“Notre irrépressible désir du seuil”: Theory at the Threshold, Now

As Derrida points out in his famous polemic against Agamben in The Beast and the Sovereign I, the latter’s conceptual frivolity and historical reductionism point to the essential claim to sovereignty inherent in theory itself, driven by “our irrepressible desire for the threshold.” This essay responds to Derrida’s call for a rethinking of the figure of the threshold as a way of conceptualizing our position vis-à-vis the past. The essay explores how a certain highly potent and reductive version of the concept ended up in the theory toolbox. At the same time, it suggests how other meanings in the term’s history can lead us towards a humbler threshold, one that includes a sense of stumbling, failure, and creaturely entanglement. Mobilizing a popular folk etymology of the word, these two conceptual strands might be labeled “threshing” (referring to the utilitarian, outcome-oriented movement of the threshold as deployed within a muscular narrative of radical change), and “holding” (for a less muscular mode of inquiry predicated on slowing down and lingering at the threshold, which is no longer a foundation). In fact, the essay proposes, theory in the mode of “holding” is increasingly the “way we do theory now.”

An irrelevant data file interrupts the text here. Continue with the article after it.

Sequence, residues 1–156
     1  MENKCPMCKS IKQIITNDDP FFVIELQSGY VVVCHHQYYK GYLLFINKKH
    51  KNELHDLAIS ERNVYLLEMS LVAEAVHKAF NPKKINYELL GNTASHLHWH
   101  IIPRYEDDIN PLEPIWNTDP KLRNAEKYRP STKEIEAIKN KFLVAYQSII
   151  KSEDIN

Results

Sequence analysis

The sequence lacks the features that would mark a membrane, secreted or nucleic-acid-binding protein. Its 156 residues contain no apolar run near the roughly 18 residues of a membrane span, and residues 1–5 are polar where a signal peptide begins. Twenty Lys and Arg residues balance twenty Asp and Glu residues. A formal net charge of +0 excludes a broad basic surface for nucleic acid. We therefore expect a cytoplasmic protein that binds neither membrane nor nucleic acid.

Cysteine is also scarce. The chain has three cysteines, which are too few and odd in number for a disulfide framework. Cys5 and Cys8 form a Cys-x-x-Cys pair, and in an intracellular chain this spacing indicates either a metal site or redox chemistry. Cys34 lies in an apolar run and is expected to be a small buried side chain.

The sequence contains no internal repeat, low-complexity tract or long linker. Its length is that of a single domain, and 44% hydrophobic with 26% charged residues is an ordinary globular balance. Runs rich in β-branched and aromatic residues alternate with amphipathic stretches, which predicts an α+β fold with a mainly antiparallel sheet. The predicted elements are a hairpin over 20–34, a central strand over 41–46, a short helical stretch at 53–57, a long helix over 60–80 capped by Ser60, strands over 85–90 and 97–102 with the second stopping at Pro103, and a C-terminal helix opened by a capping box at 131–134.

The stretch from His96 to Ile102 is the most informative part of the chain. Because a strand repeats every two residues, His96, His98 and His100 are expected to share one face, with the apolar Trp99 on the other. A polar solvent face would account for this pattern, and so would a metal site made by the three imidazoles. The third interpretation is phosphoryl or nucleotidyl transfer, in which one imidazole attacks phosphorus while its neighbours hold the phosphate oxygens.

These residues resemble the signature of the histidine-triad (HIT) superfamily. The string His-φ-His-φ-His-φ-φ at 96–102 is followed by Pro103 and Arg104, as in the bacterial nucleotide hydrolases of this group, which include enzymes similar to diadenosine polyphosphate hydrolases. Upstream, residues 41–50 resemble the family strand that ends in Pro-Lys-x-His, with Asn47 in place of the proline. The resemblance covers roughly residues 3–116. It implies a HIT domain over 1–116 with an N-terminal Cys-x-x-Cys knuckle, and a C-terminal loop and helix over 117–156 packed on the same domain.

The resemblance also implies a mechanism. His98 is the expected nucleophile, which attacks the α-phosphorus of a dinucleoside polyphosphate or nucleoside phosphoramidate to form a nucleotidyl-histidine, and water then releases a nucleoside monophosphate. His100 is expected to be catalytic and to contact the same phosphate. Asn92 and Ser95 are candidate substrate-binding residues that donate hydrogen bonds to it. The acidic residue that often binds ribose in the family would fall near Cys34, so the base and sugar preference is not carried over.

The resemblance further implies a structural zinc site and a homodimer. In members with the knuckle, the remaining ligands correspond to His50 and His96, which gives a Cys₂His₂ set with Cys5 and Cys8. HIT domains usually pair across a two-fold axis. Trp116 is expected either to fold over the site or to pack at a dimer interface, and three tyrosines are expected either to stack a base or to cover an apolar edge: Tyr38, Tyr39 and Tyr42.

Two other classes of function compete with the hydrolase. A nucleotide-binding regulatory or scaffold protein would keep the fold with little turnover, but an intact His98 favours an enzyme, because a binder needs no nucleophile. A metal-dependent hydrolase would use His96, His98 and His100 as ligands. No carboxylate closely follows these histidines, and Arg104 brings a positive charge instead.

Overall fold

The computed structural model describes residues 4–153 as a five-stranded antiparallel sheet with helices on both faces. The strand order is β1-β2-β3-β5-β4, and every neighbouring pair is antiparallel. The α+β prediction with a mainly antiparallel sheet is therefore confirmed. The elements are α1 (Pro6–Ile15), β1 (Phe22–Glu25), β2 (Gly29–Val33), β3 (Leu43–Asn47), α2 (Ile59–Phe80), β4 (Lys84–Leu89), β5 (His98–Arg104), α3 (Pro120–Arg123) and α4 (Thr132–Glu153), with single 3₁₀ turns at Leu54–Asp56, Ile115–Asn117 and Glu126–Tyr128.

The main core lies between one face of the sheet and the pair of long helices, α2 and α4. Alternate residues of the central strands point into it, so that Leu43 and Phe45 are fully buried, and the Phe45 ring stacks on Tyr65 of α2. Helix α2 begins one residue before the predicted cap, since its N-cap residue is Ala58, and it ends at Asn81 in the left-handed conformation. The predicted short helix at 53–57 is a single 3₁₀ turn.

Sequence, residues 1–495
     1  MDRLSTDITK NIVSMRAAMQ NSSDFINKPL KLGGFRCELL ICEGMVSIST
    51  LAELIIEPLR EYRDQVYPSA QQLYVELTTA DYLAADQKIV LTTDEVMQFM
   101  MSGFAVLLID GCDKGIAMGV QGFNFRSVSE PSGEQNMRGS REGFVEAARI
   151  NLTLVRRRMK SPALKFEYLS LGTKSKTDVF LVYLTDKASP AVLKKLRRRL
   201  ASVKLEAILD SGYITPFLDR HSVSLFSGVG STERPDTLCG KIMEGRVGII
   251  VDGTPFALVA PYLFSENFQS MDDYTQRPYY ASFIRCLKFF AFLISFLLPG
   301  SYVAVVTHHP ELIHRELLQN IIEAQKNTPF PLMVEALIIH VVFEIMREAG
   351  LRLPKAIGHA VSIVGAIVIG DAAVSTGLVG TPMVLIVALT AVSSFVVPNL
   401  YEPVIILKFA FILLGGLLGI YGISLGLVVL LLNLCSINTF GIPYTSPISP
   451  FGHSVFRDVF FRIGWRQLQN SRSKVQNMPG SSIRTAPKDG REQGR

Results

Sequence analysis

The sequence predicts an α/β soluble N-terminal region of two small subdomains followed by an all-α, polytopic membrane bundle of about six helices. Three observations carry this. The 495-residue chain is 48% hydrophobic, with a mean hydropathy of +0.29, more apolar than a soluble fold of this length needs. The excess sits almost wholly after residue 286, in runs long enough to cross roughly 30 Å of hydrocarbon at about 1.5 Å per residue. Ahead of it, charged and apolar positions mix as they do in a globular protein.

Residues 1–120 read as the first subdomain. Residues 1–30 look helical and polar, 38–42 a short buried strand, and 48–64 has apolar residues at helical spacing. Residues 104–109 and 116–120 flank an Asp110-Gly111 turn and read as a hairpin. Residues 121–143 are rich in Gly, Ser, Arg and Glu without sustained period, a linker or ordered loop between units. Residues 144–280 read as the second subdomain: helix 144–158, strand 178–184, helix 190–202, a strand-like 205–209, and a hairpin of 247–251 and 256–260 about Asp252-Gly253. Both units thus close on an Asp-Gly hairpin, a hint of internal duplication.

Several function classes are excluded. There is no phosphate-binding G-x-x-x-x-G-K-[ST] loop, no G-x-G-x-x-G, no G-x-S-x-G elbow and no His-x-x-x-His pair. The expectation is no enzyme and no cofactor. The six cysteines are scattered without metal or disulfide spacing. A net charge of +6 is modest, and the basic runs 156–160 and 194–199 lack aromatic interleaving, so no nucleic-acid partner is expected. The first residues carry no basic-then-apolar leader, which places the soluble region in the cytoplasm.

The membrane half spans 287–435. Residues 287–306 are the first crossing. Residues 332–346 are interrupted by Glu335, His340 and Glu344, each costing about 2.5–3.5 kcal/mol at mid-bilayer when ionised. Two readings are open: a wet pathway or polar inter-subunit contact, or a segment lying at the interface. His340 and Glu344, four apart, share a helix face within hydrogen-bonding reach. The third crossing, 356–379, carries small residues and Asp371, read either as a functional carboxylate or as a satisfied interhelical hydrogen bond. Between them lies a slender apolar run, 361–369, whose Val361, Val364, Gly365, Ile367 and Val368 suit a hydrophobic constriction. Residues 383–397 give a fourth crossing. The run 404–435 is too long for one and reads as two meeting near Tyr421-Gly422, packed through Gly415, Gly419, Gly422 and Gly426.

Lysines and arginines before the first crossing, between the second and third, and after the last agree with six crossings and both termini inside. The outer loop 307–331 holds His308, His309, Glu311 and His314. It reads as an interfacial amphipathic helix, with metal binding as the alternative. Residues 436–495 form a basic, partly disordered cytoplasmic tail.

Publication Date:
Jun 20 2019
Date Submitted:
Jul 30 2019
Exemplaria, 31, 2

Note: The file is under embargo until: 2020-12-30

 Record created 2019-07-30, last modified 2019-07-30

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